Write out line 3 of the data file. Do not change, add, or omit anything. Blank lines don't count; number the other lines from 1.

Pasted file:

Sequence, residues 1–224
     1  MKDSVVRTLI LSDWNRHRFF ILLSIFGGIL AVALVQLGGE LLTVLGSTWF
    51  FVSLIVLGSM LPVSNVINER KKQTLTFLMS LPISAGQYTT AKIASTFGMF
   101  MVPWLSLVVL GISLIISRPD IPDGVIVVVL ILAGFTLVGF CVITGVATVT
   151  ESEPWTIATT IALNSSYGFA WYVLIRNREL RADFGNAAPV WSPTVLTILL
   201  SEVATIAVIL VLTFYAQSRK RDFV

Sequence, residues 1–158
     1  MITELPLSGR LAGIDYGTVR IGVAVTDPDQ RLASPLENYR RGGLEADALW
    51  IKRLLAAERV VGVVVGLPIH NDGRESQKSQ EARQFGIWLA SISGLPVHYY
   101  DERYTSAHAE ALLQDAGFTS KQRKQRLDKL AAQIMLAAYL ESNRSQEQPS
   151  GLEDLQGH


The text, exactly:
    51  FVSLIVLGSM LPVSNVINER KKQTLTFLMS LPISAGQYTT AKIASTFGMF